College Hopefuls in China Decline National Exam, Head Overseas Instead
Nearly 9.4 million high school seniors over the weekend took the annual national college entrance exams, the most important test in China, and one that sets the course of life for many. An increasing number of Chinese students, however, have chosen not to take the exam—some electing to study abroad instead, where they hope for a better, or at least more holistic, education. Close to a million high school seniors declined to take the exam this year, official reports say.
Heavy security was dispatched throughout the country on Saturday and Sunday, with armed police guarding school entrances and major streets. Photographs online show police with guns (uncommon in China), and others wearing helmets and vests.
The number of students attending the exam this year increased by 3 percent, or 270,000 people, for the first time after five years of decline. Among them, 170,000 are students from rural areas, according to a research report by China Education Online, a website that publishes official information about exams, admissions, and careers.
The report says nearly a million high school seniors gave up the college entrance exam this year, with many electing instead to study abroad, and others directly finding a job.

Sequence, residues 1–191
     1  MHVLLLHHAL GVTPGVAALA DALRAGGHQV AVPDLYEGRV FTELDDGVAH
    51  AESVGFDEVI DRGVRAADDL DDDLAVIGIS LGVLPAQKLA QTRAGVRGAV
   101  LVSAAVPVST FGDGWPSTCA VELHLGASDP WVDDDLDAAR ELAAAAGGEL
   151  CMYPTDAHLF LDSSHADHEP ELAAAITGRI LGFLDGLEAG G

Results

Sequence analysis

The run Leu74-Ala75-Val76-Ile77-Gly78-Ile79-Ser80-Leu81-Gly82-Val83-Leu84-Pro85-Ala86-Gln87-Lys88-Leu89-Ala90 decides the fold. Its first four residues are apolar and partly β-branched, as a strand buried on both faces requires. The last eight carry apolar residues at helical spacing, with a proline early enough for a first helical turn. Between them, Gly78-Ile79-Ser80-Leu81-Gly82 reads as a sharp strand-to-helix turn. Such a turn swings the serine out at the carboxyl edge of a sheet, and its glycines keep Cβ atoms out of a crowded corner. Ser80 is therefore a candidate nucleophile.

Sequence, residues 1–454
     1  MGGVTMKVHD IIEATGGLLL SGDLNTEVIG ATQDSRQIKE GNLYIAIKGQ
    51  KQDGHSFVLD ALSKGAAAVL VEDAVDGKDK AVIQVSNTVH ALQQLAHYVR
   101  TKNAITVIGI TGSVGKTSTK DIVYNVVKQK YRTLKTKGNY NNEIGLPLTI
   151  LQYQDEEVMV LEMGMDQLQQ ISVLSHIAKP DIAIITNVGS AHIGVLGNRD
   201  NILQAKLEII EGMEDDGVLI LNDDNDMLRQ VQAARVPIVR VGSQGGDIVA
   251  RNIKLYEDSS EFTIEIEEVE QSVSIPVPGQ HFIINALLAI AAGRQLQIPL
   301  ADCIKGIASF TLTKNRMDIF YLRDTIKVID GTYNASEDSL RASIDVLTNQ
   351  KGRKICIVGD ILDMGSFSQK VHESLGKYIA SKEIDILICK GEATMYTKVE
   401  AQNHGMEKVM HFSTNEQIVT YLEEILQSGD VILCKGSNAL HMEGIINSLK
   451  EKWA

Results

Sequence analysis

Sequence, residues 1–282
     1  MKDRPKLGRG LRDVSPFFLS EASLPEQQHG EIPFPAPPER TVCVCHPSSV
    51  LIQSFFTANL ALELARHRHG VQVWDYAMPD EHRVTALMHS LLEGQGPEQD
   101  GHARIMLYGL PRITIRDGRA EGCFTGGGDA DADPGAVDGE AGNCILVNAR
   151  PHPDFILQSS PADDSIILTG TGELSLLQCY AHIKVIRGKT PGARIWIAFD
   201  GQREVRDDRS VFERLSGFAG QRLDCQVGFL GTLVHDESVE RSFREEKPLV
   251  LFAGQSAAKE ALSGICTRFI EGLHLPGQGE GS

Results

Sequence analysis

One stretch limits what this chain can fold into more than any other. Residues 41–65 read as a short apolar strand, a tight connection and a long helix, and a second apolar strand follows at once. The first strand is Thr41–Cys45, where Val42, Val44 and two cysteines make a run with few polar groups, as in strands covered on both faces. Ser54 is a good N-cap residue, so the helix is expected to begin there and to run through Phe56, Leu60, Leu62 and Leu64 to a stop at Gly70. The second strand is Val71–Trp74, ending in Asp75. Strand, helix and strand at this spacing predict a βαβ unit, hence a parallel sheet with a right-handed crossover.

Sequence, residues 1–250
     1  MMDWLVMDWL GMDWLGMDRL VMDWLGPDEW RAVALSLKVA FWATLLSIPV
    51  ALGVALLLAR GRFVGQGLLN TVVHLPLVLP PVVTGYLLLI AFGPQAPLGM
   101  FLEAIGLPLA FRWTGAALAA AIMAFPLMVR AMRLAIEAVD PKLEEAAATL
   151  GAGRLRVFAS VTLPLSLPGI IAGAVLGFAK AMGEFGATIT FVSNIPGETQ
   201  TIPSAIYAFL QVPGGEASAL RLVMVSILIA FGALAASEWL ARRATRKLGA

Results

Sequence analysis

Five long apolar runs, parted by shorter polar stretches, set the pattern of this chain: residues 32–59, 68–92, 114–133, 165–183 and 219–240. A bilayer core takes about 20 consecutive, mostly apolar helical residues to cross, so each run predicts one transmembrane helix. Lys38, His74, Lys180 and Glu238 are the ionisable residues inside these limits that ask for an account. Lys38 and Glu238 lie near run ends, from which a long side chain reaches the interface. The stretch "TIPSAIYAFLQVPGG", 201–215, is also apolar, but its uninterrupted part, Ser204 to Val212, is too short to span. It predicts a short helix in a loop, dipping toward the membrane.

Not taking the college entrance exam seems more pronounced in large cities. Shanghai has 52,000 students taking the exam this year, less than half of the number in 2006. Beijing has 70,000 taking it, more than 2,000 less than last year, and a decline for the eighth year straight. In Henan Province 34,000 fewer students took the exam this year than last.
Among those that have gone abroad are some of the best and brightest, Chinese academics say. “It impacts the quality of students for top universities like Peking University and Tsinghua University,” said Chu Zhaohui, researcher at the National Institute of Education Science, in an interview with China National Radio.
“Their student source quality is dropping, because the good students and students with better family financial ability all study abroad,” he said.
China had 413,900 students abroad in 2013, an increase of nearly 4 percent over 2012, and part of a decade-long trend, according to China’s Ministry of Education. By 2013, China had over three million people studying abroad, the most in the world.
United States is one of the most popular destinations. Last year 93,768 Chinese students went to the United States for undergraduate study, and 103,427 for graduate study.
Students in China often see study abroad as more educationally sound, and prestigious.
Sound of Hope radio interviewed Mr. Li, a college student in Guangxi Province, who said: “Education abroad is certainly better than China. High official leaders’ children are all studying abroad, which proves it.” Mr. Li said that his university lecturers in China closely followed the textbooks, something he could have done himself.
He added: “If I had money, I’d certainly emigrate. In China, the food is not safe, the environment is not safe, and nothing is safe.”